Few issues and stories in the history of Detroit have garnered more local, national and international attention than the continuous saga surrounding the appointment of Detroit’s first emergency manager (EM) last March.
In an unprecedented move by Gov. Rick Snyder, Kevyn Orr was appointed to usurp the executive powers of Mayor Dave Bing, as well as the legislative powers of the city’s nine-member city council. Bing and the council had been dutifully elected by the people of Detroit to serve as their leaders in a democratic system of local government.
From day one of this historic appointment, which made the Motor City the largest municipality in America to come under the vast powers of an emergency manager, voices of protest and court challenges have been heard in what many viewed as an illegal and unconstitutional procedure against democracy. Among the most vocal has been union activist Robert Davis, who has amassed an impressive history of filing and winning lawsuits under the guise of the Freedom of Information Act (FOIA) that have helped legally front local organizations and politicians for acts that he strongly feels impinge the rights of Detroiters, inclusive of Gov. Snyder’s appointment of the current EM.
Thus was the case recently, when news broke that Wayne County Circuit Judge Maria Oxholm had ruled that the State of Michigan must release the names and résumeés of candidates who made the final cut to become the city’s emergency manager, a job that ultimately went to Orr. Davis was elated to hear of Oxholm’s ruling. He told a local daily newspaper, “Now that we have a ruling from Judge Oxholm, the people can see exactly how involved certain individuals were in this process and who exactly were the final candidates for the position of emergency manager,” Davis said. “Today was a victory for the people.”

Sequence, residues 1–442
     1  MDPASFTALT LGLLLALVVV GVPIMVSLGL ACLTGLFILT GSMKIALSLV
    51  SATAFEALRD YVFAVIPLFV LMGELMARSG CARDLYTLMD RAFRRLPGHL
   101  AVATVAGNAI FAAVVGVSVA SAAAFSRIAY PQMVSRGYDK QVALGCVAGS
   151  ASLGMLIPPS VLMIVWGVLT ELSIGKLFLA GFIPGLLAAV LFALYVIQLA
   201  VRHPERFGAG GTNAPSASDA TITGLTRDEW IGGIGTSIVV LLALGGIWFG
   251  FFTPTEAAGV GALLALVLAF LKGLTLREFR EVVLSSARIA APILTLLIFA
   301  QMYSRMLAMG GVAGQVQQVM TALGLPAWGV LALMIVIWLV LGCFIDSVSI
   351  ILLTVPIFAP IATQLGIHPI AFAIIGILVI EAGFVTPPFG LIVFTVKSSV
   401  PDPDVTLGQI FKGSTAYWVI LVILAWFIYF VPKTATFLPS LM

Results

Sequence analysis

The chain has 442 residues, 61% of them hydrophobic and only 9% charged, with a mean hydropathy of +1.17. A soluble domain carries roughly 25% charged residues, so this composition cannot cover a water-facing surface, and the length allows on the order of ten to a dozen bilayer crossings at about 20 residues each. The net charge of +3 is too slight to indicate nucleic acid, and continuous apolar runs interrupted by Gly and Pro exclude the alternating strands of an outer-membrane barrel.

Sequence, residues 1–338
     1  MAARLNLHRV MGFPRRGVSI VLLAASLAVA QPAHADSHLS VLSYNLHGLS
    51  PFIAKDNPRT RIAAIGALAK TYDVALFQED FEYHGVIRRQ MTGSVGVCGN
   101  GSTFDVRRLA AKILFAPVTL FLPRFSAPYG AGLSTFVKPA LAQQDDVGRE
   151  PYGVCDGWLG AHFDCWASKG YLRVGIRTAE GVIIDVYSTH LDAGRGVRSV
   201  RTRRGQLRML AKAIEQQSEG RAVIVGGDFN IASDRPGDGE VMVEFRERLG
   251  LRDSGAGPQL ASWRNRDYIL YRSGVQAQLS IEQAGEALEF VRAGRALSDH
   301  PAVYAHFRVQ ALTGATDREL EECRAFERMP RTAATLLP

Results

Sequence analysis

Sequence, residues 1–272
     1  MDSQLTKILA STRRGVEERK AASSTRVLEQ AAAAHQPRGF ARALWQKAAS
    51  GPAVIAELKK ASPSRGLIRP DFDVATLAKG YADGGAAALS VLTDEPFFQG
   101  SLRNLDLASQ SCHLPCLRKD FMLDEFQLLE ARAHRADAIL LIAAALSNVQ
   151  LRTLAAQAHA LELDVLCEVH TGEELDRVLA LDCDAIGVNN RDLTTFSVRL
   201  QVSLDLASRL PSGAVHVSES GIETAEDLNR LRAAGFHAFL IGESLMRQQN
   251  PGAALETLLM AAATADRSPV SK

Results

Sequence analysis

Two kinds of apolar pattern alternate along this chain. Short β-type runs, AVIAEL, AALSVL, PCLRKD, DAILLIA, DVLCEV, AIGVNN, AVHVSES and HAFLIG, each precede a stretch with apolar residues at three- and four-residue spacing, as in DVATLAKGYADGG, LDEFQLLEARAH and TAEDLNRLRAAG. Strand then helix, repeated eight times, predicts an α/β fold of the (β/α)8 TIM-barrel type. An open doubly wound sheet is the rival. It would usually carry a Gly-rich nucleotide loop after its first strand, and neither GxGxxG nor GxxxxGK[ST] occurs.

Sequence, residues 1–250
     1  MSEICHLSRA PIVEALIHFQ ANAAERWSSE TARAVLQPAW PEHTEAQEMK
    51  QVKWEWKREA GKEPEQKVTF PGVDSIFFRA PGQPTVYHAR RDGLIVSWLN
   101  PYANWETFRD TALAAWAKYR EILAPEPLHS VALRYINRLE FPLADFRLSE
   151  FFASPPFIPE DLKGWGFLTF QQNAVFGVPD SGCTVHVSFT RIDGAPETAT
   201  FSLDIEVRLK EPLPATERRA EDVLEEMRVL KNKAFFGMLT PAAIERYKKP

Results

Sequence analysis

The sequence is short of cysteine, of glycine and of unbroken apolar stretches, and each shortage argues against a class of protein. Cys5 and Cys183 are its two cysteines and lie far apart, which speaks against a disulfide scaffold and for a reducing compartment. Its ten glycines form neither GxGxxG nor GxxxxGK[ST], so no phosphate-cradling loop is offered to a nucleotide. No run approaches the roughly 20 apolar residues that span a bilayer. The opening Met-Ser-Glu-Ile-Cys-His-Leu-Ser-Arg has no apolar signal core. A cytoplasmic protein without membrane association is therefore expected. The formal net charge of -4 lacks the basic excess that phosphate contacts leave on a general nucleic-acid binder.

Davis, according to the article, wanted to get e-mails released that he believed would show that Detroit mayoral candidate Mike Duggan had been a part of early talks with Gov. Snyder about taking Detroit’s EM job, a claim that Duggan vehemently denies. Dennis Muchmore, Snyder’s chief of staff, also denies the claim.
“Davis says that Duggan was considered for the EM job. That’s not even close to being the case,” said Muchmore. “We never considered Duggan for the city’s EM job. The only thing that we ever talked with him about was the emergency manager position for Detroit Public Schools, a position which he was not interested in. We never approached him, however, about becoming the city’s EM. Duggan has been consistent in saying that he’s not in favor of the EM law. So, we didn’t approach him and he definitely did not approach us. He was never a part of those EM discussions.”
Muchmore admitted that there were a number of candidates the governor met with for consideration, which obviously included Orr. Muchmore understands Judge Oxholm’s ruling that the names must be disclosed. However, any release of the names would come after the appeal process has been exhausted.